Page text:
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635 p. + Typescript of p. 280-452.
Psychology, Clinical.
Source: Dissertation Abstracts International, Volume: 47-02, Section: B, page: 0780.
Thesis (Ph.D.)--Duquesne University, 1986.
Results include a description of becoming-addicted-to-heroin via constituents arising from the analysis of five subjects' responses to an initial question which asked them to describe the changes they experienced in their lives as they became addicted to heroin; the beginnings of a differentiation of heroin addiction from other addictions; therapeutic implications based on a dialogue of research findings with the tradition and on new directions pointed to by the portrait of constituents.
This study researches becoming-addicted-to-heroin with an approach and methodology alternate to that of the tradition in order that the limitations of the latter might be addressed and a new understanding of the phenomenon offered. Need for such a study was established on the following grounds: (1) the tradition itself noted the area of addiction as not fully circumscribed; (2) the client-population of active heroin addicts steadily grows in this country each year; (3) the community, as well as the addict-population, suffers from the lack of effective treatment modules. The phenomenon is approached phenomenologically such that (1) the phases of addiction are studied separately in order that constituents corelative to or derivative from an addictive life style can be separated from constituents integral to becoming an addict; (2) the definition of addiction arises from rather than precedes the research by virtue of the study's use of the self-determined addict as subject; (3) the uniqueness of heroin addiction is highlighted inasmuch as the study addresses addiction contextually, rather than a priori equating all addictions.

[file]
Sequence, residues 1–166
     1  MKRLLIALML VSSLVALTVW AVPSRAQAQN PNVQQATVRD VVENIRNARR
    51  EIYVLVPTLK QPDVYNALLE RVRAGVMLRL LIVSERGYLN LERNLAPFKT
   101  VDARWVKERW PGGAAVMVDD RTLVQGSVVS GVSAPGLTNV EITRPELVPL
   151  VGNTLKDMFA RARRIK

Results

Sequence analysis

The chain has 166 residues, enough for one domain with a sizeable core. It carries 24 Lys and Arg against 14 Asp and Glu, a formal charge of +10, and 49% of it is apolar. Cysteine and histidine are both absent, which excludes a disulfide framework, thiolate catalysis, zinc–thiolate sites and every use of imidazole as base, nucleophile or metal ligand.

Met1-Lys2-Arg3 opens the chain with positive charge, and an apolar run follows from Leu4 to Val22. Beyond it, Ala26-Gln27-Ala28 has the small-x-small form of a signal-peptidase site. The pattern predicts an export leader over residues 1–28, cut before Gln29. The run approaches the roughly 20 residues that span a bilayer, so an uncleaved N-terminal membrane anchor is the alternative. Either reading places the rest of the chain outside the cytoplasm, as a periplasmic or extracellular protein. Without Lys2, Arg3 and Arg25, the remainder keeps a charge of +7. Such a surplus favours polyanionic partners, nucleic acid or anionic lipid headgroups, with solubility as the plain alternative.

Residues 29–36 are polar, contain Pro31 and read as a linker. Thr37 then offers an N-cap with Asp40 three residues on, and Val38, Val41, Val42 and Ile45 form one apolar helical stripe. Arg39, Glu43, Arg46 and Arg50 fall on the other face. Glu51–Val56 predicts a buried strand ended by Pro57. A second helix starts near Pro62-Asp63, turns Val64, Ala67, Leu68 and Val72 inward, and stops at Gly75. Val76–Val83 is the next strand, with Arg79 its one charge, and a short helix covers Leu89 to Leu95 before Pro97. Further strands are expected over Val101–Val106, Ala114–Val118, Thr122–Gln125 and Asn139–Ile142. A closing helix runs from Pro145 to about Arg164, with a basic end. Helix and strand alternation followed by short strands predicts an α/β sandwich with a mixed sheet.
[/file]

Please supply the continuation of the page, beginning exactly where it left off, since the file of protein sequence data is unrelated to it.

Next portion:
Department of Psychology
School code: 0067.
Alt Author
040520s1986 ||||||||||||||||| ||||| dnam
DUQQ 1 UQM 1 UQX 1 pt. 2 Access for Duquesne University Authorized Users via ProQuest Access for Duquesne University Authorized Users via ProQuest
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